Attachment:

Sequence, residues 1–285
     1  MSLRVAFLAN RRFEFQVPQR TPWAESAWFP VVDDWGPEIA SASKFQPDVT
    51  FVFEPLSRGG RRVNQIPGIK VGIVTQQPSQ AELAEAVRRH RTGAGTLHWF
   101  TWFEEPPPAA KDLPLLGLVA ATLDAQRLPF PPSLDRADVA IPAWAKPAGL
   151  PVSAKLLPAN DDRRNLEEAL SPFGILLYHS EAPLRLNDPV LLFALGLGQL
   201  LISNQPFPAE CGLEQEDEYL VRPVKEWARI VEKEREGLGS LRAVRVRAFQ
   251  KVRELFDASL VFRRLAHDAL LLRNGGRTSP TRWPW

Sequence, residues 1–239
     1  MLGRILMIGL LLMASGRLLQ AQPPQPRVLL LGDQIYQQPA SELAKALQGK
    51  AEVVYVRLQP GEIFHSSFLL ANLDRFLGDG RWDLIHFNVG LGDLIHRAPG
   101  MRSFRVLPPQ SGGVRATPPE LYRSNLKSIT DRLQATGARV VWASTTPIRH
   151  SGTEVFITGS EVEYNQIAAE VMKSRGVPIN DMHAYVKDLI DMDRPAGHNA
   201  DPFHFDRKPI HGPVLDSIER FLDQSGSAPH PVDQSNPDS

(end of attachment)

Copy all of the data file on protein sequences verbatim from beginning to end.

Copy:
Sequence, residues 1–285
     1  MSLRVAFLAN RRFEFQVPQR TPWAESAWFP VVDDWGPEIA SASKFQPDVT
    51  FVFEPLSRGG RRVNQIPGIK VGIVTQQPSQ AELAEAVRRH RTGAGTLHWF
   101  TWFEEPPPAA KDLPLLGLVA ATLDAQRLPF PPSLDRADVA IPAWAKPAGL
   151  PVSAKLLPAN DDRRNLEEAL SPFGILLYHS EAPLRLNDPV LLFALGLGQL
   201  LISNQPFPAE CGLEQEDEYL VRPVKEWARI VEKEREGLGS LRAVRVRAFQ
   251  KVRELFDASL VFRRLAHDAL LLRNGGRTSP TRWPW

Sequence, residues 1–239
     1  MLGRILMIGL LLMASGRLLQ AQPPQPRVLL LGDQIYQQPA SELAKALQGK
    51  AEVVYVRLQP GEIFHSSFLL ANLDRFLGDG RWDLIHFNVG LGDLIHRAPG
   101  MRSFRVLPPQ SGGVRATPPE LYRSNLKSIT DRLQATGARV VWASTTPIRH
   151  SGTEVFITGS EVEYNQIAAE VMKSRGVPIN DMHAYVKDLI DMDRPAGHNA
   201  DPFHFDRKPI HGPVLDSIER FLDQSGSAPH PVDQSNPDS